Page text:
Greenspan: Oil Cost Taking Toll
Energy prices cramp U.S. growth
By Josef Hebert
The Associated Press
Washington - Former Federal Reserve Chairman Alan Greenspan said Wednesday that while the country has been able to absorb sharp increases in oil prices, high energy costs are beginning to stunt economic growth.
But he also said higher oil prices have not produced any "serious erosion" of world economic activity.
"The United States, especially, has been able to absorb the huge implicit tax of rising oil prices so far," Greenspan told a Senate hearing. It was his first appearance before Congress since leaving the Federal Reserve in January.
However, he added, "recent data indicate we may finally be experiencing some impact."
Greenspan said high oil prices, exceeding $70 a barrel and pushing gasoline costs beyond $3 a gallon in many areas, are due to a sharp decline in spare global oil production capacity, refinery shortages and, to some extent, market speculation.
But he said market speculators also have been able "to hasten the adjustment" to higher prices and ease the shock to the economy.
American business "to date has largely succeeded in finding productivity improvements that have contained energy costs," he said.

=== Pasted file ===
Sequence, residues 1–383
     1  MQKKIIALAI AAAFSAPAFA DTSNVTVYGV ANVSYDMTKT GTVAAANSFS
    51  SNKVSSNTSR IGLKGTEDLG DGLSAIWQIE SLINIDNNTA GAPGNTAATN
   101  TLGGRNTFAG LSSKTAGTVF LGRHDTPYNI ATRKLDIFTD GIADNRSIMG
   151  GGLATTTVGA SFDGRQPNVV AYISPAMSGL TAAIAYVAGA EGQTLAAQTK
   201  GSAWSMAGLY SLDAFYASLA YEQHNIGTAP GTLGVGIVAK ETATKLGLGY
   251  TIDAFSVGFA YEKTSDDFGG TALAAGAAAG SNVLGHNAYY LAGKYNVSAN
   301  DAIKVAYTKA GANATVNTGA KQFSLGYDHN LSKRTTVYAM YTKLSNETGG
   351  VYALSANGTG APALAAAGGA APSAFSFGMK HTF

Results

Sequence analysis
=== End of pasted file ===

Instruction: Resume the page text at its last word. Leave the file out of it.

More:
But he said consumers "are struggling with rising gasoline prices."
Greenspan said with limits on U.S. oil reserves "we are not going to be a price setter in oil anywhere in the foreseeable future" unless there is a significant reduction in demand.
"We're out of the market, essentially, as a very critical player with respect to price," Greenspan told the Senate Foreign Relations Committee.
But he said "current oil prices over time should lower to some extent our worrisome dependence on petroleum" with the development of alternative fuels and broader use of electric-hybrid cars. This "would help to wean us of our petroleum dependence," Greenspan said.
"We are gradually ... weaning ourselves off petroleum. It is slow and in many ways like watching grass grow," Greenspan told the senators. He said if the shift "happens smoothly, that is the best of all contingencies. ... But what happens if it doesn't go smoothly?"
Greenspan said ethanol can become a significant alternative to gasoline, but that the answer in the long run is not in corn, now the sole commercial source of the fuel, because of limited supplies. He urged rapid expansion of research into the development of cellulosic ethanol - made from wood chips, saw grass or other material.
"Find out if [it] really is a practical alternative," he said, adding that only cellulosic ethanol will create the volumes adequate to replace large amounts of gasoline.
He said the United States has been able to "absorb the huge impact of rising oil prices with little consequences to date because it has become far more flexible" over the past three decades because of less regulation and globalization.
But he warned against import or price restrictions or other interference in the market.
"Growing protectionism would undermine that flexibility and make our nation increasingly vulnerable to the vagaries of the oil market," he said.